There are many positive effects of Holistic Management, here are a few:

No chemicals and more nutrient dense food.
A healthy soil structure means fewer inputs (or none) in the forms of fertilizers and assorted ‘cides. Holistic crops are naturally disease resistance because they aren't nutrient deprived, (e.g. powdery mildew can be treated chemically but good bio-available calcium in the soil will prevent infection), they aren't mono-cropped so pests won't ravage an entire field because of the buffering provided by other plants and the presence of a healthy eco-system including predatory insects that keep the invaders in check. Also because of the plentiful minerals in healthy soil (liberated by our microscopic friends) foods contain higher quantities of vitamins and minerals. Did you know it is possible to eat an orange today that is completely devoid of Vitamin C and apples devoid of calcium? Yeah - I didn't either.

Water Concerns
Water is of the essence. Holistically managed land makes the most of rainfall, keeping it in the soil where it feeds crops, amasses soil humus, and replenishes aquifers. Sequestering rainfall has many positive effects, less runoff, less particulate in rivers, less flooding, less erosion, less fresh water loss to the sea, less desertification. Less badness—more awesomeness.

Something Else Awesome
Chapter three is entitled, The Making and Unmaking of Deserts—The Grazing Paradox. Deserts can be unmade? I have always considered deserts as a dead end. One man, Yacouba Sawadogo, reclaimed land from the desert by digging shallow pits and sprinkling in manure and seeds. Sparse rainfall was collected in the pits, plants took root, more manure was added and thirty years later a once barren land was dotted with trees, grasses, and a vibrant farm. He is dubbed, “The Man Who Stopped the Desert”. This simple story of one man and animal poo filled me with more hope for our survival than all the environmental conservation movement to date, which has typically been, people=bad.

I’m being fanciful here, but humor me... Inland jungles typically are responsible for their own water cycle, when the jungle is gone the water is gone too. Imagine that process in reverse, imagine the Sahara Desert a vast jungle sequestering CO2 and providing homes for species on the brink of extinction—or perhaps as a savannah, with elephants, zebras, and wildebeest thundering across vast plains, with lions in slinking through the grasses. Imagine that people and livestock created that. Pretty neat. I'm sewing up some cow sized blue suits—tonight.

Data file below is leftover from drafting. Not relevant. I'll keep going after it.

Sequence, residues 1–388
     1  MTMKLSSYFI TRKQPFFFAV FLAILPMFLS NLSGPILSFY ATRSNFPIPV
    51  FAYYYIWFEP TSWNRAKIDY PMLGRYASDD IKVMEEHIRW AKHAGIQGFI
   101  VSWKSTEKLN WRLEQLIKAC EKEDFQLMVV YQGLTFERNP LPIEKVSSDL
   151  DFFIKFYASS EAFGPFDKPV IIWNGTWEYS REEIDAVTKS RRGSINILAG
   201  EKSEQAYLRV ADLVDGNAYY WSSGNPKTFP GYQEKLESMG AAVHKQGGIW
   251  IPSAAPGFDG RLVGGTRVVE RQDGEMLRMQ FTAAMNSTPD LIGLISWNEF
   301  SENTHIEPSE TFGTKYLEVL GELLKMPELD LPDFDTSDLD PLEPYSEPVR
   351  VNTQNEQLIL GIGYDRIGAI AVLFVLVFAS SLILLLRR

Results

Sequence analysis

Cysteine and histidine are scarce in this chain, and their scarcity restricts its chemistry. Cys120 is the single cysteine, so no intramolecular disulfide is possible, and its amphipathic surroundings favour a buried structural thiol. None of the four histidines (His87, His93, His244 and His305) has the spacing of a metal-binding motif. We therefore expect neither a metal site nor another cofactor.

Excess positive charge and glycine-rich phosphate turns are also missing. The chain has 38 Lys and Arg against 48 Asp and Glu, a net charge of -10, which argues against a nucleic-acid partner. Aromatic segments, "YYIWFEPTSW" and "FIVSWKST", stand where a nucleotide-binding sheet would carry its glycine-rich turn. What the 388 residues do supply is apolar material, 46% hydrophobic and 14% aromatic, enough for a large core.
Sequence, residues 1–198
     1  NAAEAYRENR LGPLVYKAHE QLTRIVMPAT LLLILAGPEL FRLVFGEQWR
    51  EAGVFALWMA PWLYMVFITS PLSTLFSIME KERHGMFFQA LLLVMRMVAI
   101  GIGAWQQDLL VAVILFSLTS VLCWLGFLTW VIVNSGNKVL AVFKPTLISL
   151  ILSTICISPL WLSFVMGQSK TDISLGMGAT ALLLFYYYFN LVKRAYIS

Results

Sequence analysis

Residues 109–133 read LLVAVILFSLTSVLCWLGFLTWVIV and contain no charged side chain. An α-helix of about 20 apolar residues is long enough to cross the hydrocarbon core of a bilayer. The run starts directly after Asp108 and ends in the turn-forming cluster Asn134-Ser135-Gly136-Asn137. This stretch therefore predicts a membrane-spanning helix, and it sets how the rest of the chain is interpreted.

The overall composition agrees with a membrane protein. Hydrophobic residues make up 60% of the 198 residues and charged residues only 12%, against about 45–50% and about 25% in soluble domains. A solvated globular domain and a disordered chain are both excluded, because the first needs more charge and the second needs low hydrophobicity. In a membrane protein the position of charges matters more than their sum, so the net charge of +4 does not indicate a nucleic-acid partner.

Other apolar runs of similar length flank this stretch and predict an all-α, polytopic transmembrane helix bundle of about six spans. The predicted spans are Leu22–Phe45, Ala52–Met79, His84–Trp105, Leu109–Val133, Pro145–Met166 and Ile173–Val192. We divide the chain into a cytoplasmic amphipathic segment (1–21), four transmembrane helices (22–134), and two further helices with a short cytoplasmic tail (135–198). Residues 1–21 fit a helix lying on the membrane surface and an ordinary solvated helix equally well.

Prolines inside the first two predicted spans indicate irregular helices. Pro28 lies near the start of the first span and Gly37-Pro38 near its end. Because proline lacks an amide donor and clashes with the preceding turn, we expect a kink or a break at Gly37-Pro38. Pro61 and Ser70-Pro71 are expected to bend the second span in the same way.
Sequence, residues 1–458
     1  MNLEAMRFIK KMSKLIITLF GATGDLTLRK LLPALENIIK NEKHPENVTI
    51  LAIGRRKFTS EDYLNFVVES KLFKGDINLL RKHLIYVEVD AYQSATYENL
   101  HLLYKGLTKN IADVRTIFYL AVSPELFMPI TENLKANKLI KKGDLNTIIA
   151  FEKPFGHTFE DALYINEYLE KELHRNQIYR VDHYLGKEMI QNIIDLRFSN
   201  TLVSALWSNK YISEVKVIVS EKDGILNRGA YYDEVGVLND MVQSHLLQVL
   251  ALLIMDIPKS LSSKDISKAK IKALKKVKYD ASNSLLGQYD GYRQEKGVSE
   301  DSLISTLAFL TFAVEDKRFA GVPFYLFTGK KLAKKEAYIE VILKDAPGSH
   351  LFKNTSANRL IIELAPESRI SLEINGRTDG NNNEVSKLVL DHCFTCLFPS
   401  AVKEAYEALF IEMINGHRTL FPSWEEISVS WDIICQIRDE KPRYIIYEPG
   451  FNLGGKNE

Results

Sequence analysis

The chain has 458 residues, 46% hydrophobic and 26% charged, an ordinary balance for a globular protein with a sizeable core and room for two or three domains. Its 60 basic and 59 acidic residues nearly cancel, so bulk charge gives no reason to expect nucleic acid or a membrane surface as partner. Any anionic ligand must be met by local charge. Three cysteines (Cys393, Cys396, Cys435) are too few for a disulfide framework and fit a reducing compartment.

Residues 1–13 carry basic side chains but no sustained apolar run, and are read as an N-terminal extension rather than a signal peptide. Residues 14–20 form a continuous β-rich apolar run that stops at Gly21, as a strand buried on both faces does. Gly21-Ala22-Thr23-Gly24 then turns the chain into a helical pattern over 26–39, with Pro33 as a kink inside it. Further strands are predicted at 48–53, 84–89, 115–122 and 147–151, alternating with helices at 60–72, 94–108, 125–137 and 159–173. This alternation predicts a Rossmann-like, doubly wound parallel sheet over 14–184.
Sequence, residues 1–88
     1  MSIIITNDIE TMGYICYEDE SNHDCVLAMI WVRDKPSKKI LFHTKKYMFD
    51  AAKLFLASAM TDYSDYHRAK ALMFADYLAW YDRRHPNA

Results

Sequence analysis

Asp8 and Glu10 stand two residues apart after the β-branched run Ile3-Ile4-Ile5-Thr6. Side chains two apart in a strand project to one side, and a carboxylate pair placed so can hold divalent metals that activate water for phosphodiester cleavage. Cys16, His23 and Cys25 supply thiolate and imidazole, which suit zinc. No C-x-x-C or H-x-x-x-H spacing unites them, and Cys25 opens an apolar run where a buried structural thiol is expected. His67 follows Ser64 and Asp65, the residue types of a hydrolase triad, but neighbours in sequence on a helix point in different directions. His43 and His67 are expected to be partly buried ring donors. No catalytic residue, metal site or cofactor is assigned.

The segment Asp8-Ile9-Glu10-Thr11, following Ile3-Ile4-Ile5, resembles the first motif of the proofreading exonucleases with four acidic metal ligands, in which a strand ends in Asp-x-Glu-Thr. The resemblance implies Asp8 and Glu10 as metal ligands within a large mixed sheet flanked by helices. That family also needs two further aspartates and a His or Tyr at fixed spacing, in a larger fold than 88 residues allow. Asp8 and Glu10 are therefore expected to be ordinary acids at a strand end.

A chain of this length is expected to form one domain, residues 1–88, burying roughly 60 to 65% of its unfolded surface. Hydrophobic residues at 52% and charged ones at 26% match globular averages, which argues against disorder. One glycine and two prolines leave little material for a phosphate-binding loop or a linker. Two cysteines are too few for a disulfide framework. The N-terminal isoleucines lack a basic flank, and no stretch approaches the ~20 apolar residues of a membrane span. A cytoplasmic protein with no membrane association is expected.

This is the end of the Book Review. You have done your due diligence and I appreciate your time. The following paragraphs are pure indulgence on my part. These observations and ideas have been bumping around in my head for years and thanks to this book I see how these pieces fit.

River Health - or Lack Thereof.
My father-in-law and I were discussing the Willamette river and its supposed recovery from the days when sewage and industrial waste flowed unabated into the river. He said that it is a difficult scenario, that water almost needs to pass through a filter before going into a river. My imagination served up an image of a huge Brita water filter collecting runoff. Sewage still flows into the Willamette during heavy rains, but even if that were curtailed, the river would still be polluted. The city streets sluice water into storm drains that flow straight to the river, carrying with it all dirt, debris of city life. Imagine if the city absorbed that water instead, in bioswales or healthy green spaces. Less runoff to flood the river, less garbage and filth in the water and recharged aquifers. Soil, is that Brita filter.